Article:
Nearly 33 years after the accident occurred, Chernobyl now attracts more visitors than its amusement park, which never saw a paying customer, could ever imagine.

Photograph by Wendelin Jacober.

Originally “doodled” out in 1946 by a small group of people related to University of California Radiation Laboratory, the universal symbol of radiation was eventually adopted by Soviet Russia, who would un-orthodoxically choose to place it on their government buildings. One of these symbols can be found on the skeletal frame of a former office building in the devastated city of Pripyat, standing now only as a chilling reminder of what occurred here.

The hazardous warning symbol can now be seen displayed on several tour buses, at our designated pickup point, which have adopted it now as a beacon to attract paying visitors, rather than its conventional use of deterring them. A deceiving fast food mirage can be seen in the distance, with a McDonalds and KFC restaurant distracting even the casual traveller from the cold, below freezing atmosphere in the city of Kiev.

After a two hour drive we arrive at a checkpoint on a desolate road, which we’re not allowed to photograph or record. Two information centres sit competitively adjacent from one another; the only information they appear to sell ranges from souvenir t shirts to pens, fridge magnets, gas masks and even Chernobyl ice cream. We are each required to show a guard, who’s clutching an automatic rifle, our digital tickets and passports before we’re allowed to pass through a turnstile into Ukraine’s very own fairground; the exclusion zone.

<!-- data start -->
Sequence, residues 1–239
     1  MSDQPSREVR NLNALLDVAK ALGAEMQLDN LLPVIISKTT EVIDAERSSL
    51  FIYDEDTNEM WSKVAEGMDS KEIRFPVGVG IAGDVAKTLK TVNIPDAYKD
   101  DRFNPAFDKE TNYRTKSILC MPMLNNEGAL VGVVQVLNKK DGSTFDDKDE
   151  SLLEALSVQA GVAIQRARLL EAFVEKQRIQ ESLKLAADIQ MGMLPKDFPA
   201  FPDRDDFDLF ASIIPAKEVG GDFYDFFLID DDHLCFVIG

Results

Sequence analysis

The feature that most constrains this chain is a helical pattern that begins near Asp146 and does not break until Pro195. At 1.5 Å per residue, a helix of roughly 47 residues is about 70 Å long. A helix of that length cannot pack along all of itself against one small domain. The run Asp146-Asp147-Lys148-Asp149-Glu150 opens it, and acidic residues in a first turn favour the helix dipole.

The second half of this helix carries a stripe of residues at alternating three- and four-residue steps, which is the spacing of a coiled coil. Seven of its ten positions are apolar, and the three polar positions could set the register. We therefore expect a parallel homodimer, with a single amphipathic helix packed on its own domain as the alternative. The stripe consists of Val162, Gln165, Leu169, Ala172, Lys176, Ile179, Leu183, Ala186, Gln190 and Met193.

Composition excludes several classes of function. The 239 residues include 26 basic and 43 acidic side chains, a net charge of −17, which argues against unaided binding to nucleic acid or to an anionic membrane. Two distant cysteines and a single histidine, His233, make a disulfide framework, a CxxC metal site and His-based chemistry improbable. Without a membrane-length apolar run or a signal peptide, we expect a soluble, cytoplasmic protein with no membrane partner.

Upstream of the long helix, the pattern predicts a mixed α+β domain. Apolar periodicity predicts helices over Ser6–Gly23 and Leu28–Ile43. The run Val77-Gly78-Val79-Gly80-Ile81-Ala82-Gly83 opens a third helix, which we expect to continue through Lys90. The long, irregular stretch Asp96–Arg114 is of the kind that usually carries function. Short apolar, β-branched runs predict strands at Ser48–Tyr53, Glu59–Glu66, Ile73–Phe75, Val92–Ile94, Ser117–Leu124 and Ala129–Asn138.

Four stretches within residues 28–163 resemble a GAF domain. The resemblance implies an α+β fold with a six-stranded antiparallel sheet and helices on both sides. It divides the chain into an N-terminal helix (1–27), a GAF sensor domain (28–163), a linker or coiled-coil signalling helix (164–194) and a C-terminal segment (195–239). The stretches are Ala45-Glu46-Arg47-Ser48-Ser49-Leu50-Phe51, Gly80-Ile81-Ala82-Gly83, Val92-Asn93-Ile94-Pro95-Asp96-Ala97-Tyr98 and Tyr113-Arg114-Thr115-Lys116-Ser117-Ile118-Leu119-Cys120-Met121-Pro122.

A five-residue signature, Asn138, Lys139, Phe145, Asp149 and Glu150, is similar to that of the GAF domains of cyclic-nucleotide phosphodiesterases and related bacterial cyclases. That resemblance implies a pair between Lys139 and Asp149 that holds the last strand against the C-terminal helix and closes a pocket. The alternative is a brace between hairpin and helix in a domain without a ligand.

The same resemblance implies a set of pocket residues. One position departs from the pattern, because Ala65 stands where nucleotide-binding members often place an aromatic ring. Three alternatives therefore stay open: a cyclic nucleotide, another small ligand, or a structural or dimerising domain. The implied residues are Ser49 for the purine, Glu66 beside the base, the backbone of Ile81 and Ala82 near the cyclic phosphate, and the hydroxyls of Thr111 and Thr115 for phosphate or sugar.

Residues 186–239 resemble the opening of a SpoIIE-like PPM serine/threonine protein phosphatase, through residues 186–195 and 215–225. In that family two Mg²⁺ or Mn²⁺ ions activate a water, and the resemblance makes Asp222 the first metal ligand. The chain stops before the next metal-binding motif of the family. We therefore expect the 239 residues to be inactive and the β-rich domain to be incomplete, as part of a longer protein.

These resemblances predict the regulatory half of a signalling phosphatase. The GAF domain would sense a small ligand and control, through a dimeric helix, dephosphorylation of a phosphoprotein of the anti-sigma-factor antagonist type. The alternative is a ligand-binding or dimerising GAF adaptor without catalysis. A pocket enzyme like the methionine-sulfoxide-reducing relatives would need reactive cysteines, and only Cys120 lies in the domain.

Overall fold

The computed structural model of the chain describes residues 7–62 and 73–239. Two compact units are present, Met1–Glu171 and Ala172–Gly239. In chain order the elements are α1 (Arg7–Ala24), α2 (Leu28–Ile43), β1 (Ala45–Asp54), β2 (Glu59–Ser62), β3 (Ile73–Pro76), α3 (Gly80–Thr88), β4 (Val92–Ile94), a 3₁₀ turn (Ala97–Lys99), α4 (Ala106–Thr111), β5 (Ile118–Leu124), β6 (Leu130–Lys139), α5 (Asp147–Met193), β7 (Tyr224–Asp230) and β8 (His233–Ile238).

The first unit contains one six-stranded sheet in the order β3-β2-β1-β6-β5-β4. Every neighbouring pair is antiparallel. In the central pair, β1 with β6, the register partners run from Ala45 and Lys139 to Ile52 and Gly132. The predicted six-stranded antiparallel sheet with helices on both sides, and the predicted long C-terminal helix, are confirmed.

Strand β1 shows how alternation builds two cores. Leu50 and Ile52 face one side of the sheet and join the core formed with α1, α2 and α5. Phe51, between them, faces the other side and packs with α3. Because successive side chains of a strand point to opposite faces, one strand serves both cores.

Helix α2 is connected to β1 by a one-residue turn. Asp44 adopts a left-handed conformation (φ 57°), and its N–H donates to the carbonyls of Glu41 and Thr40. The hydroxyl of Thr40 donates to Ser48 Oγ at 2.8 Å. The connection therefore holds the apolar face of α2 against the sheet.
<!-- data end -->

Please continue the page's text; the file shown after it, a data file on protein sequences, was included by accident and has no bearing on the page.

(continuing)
The streets of Pripyat were naturally lifeless in the early hours of April 26, 1986, when the 17-man crew working on reactor 4 of Chernobyl’s nuclear powerplant attempted to simulate a blackout. As a result of the test, they would eventually remain this way. The recipe for nuclear disaster was compiled of two factors; an already unstable reactor, unknown to the engineers, and a decrease in the speed of the turbines driving cooling water to it. The result; an explosion that is often estimated to have deposited 500 times more radioactive material into the atmosphere than the atomic bomb dropped onto Hiroshima.